The key to bodyweight exercise is mixing it up. Challenge yourself. If you're not sore the next day, you didn't work out hard enough. "When you push yourself, you'll be building muscle, increasing bone density, strengthening ligaments, and burning calories for up to 36 hours after your workout," says Mark Lauren, author of 'You Are Your Own Gym.' When push-ups become too easy, switch to a different grip – wide, narrow, or staggered hands – or pause during the motion. Try one set on an incline, the next on a decline, and the next with one hand on a basketball. For all of the exercises below, aim for three sets of 10 reps unless noted otherwise. Time yourself and try to do them more quickly the next time around. If you can't finish a set, complete it with the easier version.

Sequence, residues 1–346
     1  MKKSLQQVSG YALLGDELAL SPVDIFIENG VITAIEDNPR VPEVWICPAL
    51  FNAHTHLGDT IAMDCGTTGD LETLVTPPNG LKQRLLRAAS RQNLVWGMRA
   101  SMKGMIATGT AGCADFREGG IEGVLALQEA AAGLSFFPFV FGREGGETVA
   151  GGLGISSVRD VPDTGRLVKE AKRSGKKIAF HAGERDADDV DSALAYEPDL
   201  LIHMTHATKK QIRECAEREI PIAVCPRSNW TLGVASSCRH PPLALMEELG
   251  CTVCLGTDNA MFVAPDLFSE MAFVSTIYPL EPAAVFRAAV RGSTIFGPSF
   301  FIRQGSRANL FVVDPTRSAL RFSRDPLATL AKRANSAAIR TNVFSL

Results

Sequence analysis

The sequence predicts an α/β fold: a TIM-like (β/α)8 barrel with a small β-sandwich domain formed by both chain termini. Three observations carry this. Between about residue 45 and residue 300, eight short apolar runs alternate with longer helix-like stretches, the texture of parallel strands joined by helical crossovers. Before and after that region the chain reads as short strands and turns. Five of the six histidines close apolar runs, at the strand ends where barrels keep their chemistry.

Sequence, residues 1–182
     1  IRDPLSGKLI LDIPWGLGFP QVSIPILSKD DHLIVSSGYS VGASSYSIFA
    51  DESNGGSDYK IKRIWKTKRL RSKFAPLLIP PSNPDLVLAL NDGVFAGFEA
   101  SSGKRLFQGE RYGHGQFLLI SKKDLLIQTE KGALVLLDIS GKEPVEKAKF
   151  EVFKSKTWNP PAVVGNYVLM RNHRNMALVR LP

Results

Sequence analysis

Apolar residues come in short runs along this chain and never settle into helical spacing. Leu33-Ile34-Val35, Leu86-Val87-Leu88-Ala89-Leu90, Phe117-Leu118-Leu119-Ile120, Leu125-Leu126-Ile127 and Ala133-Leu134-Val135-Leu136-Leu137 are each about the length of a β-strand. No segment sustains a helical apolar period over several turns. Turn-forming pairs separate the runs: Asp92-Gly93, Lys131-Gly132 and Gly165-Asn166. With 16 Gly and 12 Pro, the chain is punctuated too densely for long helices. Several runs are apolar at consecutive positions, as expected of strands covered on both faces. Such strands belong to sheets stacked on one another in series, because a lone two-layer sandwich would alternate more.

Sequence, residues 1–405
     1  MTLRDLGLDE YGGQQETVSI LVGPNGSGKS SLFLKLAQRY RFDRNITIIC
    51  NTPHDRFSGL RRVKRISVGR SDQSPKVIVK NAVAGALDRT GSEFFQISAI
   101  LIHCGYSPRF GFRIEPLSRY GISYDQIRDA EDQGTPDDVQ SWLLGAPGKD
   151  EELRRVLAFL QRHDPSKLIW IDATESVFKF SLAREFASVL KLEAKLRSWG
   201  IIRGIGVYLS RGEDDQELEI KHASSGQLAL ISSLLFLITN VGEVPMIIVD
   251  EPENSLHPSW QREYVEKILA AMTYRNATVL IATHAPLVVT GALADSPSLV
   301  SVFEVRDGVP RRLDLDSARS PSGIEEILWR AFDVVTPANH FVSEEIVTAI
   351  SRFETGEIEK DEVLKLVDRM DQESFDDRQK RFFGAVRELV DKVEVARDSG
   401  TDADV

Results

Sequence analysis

The No-Weights Workout: Squats
When squatting, keep your hands behind your head and squat as deeply as you comfortably can. Contract your abs before you descend, keep your back straight, and squat deeply, as if sitting in a chair.
Make it Hard
When you reach the bottom of the squat, jump as high as you can. This makes the move explosive, adding power and honing your nervous system to improve muscle response.
Credit: Photograph by John Loomis
With your feet shoulder-width apart, kick your right foot off the ground behind you and hold it. Drop into a squat. To make it more difficult, do a one-leg squat with your leg out in front of you, keeping it raised while lowering your body until your butt is about two inches off the floor.